End of term, the beginning of the holiday season, and for the first time in my life, the prospect of a life beyond full-time education. I had finished early, my last assignments handed in weeks before my peers were relieved of their academic duties. Eager to make the most these new circumstances, I’d make a point of doing things I’d never done before: I climbed onto the roof of my house, visited Blackpool, dressed-up for a catwalk. I was fed-up of student hangouts; I spent long evenings drinking with the locals on cobble-stoned side streets.
It was early summer, pre-dawn, and Max and I had spent the evening drinking around the city. The sky was no longer black but a dark shade of blue, and it was now possible to make out the shapes and details of buildings without the aid of streetlights. Soon the early-morning commuters would be seen coming in and out of newsagents or waiting at bus stops. Max was several paces ahead of me, kicking a flattened Coke can up the hill.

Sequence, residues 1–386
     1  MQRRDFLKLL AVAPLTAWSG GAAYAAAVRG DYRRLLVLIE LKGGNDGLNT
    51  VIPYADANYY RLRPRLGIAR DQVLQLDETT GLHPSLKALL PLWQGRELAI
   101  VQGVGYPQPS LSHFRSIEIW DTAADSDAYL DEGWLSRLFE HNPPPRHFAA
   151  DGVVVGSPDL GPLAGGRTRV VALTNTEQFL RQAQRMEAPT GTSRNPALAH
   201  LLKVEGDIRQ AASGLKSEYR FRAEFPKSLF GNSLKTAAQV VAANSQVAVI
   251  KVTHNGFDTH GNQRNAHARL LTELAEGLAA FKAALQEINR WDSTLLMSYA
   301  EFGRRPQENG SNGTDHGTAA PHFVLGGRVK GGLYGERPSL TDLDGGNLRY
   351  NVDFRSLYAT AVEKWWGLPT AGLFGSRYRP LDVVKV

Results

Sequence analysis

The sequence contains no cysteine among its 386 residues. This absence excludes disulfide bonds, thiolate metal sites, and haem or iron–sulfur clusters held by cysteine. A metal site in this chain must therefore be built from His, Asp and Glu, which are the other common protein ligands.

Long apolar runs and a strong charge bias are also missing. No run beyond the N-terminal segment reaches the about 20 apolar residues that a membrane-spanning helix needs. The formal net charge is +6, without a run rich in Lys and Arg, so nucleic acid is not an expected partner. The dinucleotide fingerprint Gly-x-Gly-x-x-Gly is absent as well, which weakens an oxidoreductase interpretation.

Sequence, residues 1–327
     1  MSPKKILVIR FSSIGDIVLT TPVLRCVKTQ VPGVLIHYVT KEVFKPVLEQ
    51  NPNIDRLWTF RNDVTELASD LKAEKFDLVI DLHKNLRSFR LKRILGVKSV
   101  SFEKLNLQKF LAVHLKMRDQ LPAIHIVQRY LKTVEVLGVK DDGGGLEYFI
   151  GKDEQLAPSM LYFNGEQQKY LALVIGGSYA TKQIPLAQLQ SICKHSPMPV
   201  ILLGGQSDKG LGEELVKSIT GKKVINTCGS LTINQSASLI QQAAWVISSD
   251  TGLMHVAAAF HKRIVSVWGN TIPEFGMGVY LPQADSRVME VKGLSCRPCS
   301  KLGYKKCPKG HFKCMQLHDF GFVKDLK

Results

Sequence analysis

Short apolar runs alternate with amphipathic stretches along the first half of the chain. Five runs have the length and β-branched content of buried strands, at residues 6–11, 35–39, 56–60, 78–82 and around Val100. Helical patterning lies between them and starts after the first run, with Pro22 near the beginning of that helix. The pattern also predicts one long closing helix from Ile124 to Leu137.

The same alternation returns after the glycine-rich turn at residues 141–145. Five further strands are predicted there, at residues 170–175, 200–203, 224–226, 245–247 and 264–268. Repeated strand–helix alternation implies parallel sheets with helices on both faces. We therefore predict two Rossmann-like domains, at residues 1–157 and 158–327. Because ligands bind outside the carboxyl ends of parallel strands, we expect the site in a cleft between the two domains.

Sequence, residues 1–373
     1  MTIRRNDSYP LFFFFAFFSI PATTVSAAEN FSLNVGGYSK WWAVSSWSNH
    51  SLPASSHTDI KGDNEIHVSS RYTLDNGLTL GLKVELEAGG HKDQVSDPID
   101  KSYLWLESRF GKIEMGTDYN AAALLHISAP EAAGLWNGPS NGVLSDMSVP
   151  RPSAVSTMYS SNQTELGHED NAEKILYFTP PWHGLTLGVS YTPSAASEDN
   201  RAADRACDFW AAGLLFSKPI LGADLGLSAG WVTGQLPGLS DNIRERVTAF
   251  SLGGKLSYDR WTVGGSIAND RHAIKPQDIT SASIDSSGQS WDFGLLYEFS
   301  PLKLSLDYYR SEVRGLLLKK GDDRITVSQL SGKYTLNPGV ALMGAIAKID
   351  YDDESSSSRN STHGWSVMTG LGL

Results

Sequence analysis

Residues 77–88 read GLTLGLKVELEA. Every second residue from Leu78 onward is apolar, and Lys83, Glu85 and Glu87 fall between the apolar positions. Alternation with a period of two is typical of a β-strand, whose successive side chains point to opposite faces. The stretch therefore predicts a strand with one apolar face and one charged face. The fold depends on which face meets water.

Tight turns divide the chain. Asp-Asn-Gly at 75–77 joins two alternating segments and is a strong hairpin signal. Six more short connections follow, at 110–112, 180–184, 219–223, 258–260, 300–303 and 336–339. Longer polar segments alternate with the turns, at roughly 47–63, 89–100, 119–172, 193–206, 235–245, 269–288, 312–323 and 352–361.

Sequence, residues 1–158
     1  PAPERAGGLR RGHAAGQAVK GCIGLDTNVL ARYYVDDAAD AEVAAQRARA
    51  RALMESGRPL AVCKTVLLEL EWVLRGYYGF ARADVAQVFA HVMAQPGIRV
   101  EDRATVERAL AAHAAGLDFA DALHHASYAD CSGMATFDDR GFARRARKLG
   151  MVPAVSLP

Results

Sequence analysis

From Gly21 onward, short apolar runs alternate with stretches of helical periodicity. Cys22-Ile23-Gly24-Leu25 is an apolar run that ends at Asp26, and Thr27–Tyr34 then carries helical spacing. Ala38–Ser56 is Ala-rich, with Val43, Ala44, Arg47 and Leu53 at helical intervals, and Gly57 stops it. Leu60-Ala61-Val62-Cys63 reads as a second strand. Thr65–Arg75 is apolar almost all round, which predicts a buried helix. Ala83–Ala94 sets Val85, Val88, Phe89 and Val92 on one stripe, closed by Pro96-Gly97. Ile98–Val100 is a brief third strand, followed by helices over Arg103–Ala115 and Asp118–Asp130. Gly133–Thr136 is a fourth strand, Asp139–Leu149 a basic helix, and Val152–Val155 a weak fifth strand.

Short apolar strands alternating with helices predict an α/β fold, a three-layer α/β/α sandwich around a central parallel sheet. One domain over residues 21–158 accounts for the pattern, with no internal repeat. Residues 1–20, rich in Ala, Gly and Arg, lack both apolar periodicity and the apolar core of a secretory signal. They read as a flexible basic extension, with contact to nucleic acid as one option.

The sound of muffled pop music could be heard shortly before we stepped inside. To get to the bar we walked through the entrance, down a flight of stairs and along a narrow corridor. It was a dark, window-less room, around the size of a large living room. I sat on a bar stool while Max ordered us drinks. Swivelling around, I noticed a solitary couple dancing clumsily in the middle of the room. Elsewhere a few people were sprawled randomly on sofas parallel to the walls. Strobe lights coming from a disco ball in the far corner of the room glistened red, green and blue on the shoulders of the dancing couple. After ordering the drinks, Max sat on a stool next to mine and we both faced the dance floor, leaning against the bar, not talking much.
My beer was warm. We would walk out and it would be daylight.